Document Type



Taxation-State and Local | Tax Law


This article describes how Connecticut, despite catching a fiscal break from the pandemic, has failed to seize the opportunity to enact meaningful reform targeted at its $90 billion debt.

The article begins by explaining why Connecticut fared well during the pandemic. Many wealthy taxpayers moved into Connecticut from New York City. The increase in their stock-market driven income taxes, as well the sales tax boost from secondary and tertiary purchases by homebuyers, has eliminated Connecticut’s short-term budget deficit. The State is sitting on a $3 billion rainy-day fund.

Next, the article examines several tensions between the democratic governor, Ned Lamont, and the democratic-controlled Legislature. First, while some want to use the $3 billion fund for pandemic tax relief, Lamont wants to save it in case things become worse down the road. Second, there is the question of whether the Legislature will play a role in controlling the federal stimulus aid to Connecticut. Finally, though there are calls to increase taxes on the wealthy, Lamont has continued to signal a reluctance to do so.

The article then analyzes Connecticut policies which, in the shadow of massive debt, mostly fail to provide meaningful solutions.

Lamont recently signed the state’s seventh tax amnesty program since 1990. It is uncertain whether taxpayers will take the amnesty program seriously. One threat is that the state claims to be positioned for more efficient auditing in the future, which might encourage taxpayers to use the amnesty.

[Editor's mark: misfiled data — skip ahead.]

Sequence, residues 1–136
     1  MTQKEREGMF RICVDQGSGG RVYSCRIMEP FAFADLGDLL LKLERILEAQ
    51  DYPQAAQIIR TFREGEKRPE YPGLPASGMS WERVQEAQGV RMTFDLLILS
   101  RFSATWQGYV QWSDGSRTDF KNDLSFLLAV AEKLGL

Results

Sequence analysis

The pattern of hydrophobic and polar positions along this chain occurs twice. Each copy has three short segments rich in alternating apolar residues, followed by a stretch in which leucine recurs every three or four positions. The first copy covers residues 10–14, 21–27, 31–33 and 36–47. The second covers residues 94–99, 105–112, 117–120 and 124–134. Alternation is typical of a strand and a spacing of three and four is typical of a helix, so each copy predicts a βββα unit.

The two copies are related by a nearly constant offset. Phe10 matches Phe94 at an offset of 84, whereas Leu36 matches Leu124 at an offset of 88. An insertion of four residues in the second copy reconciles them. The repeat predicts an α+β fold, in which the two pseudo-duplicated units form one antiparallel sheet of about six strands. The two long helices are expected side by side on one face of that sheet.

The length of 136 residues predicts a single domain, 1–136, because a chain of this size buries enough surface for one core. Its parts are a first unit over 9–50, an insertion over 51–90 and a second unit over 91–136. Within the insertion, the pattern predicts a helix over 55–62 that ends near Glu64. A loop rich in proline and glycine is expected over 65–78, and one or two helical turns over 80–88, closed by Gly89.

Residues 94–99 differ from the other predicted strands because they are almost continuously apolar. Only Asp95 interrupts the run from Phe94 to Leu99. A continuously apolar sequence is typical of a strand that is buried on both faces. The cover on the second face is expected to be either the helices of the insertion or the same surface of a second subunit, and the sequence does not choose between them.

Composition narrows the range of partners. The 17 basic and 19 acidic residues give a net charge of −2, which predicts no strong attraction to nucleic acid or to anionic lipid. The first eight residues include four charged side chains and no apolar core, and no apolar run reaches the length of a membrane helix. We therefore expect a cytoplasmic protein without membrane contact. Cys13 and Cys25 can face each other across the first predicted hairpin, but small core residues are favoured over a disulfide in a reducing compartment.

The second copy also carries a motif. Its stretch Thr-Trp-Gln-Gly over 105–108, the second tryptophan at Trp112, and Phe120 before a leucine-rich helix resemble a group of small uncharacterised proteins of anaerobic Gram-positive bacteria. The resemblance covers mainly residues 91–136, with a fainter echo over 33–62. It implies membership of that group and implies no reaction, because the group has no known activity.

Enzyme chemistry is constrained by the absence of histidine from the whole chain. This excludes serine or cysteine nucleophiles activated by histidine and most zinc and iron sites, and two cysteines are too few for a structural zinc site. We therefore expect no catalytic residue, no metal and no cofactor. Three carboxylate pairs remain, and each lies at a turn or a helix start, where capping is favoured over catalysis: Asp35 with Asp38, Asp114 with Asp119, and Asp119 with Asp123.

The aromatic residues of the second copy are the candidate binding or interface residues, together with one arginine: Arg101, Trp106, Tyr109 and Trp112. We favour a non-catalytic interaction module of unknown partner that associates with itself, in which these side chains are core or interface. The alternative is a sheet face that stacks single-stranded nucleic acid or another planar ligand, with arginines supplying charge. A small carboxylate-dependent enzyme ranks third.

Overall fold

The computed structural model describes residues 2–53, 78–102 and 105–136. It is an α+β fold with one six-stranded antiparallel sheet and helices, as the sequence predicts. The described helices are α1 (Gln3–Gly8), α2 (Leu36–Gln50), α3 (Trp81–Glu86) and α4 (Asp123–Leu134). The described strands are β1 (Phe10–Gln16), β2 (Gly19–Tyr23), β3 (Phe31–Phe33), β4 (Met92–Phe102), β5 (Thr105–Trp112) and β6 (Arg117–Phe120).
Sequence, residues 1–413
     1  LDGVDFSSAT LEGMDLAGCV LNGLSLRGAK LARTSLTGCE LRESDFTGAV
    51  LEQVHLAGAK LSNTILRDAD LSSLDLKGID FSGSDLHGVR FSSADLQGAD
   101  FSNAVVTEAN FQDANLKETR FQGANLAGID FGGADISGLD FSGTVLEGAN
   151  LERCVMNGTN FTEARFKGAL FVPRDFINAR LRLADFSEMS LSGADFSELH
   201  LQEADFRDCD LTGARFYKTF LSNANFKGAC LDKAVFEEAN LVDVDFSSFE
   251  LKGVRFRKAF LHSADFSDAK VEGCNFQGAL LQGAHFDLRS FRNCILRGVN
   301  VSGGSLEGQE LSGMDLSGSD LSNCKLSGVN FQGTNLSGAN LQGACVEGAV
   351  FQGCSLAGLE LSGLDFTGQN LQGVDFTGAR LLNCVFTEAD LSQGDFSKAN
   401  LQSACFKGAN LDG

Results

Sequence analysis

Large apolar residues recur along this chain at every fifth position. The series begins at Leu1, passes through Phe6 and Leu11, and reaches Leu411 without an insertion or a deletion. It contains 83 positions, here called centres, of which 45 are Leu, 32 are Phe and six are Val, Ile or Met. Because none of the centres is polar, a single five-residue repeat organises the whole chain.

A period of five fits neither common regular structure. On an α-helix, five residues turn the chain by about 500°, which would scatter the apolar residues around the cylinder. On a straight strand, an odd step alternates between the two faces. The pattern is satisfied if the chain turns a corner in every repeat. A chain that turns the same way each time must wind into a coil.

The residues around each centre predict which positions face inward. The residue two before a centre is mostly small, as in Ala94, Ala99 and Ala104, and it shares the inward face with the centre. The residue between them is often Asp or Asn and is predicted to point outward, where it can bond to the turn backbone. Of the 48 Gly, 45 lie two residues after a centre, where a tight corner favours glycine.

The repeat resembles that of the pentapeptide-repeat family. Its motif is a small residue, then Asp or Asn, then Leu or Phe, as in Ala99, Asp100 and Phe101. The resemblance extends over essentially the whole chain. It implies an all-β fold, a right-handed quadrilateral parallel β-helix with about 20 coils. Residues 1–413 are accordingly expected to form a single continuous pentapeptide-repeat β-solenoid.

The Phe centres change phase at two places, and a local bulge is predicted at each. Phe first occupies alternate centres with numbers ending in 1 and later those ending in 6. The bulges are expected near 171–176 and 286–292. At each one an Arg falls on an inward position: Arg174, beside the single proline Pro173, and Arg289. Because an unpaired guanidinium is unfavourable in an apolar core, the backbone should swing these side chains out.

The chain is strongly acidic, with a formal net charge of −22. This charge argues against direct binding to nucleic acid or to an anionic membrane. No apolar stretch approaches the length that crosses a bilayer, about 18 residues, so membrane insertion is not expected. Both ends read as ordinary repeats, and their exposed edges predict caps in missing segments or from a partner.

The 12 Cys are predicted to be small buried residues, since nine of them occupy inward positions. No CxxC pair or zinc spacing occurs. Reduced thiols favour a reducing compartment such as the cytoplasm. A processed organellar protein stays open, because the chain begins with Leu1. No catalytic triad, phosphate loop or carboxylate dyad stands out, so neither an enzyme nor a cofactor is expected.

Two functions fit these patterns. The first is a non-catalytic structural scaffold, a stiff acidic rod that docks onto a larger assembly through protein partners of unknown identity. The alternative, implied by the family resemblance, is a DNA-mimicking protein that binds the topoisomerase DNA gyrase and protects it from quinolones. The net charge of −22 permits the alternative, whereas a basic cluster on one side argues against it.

Lamont also seeks to expand and tax gambling in the state through negotiations with the Mashantucket Pequots and Mohegan tribal nations. Connecticut has also provided significant tax incentives to data centers, which Pomp argues is a waste of money: 11 data centers established themselves in the state before any such incentives were offered.

After failing to convince the Legislature to support a toll road plan, Lamont now plans to extract a highway usage fee on large trucks passing through the state. This, however, seems problematic under the Commerce Clause. Connecticut has also passed a bill that purports to protect taxpayers from double taxation now that states like Massachusetts have expanded their nexus requirements in response to the increase in nonresident remote workers. But the bill does not appear to have any significance by adopting a credit when one already exists as a practical matter. Lastly, Connecticut’s tax on digital advertising is based on a Maryland law which is likely to be struck down.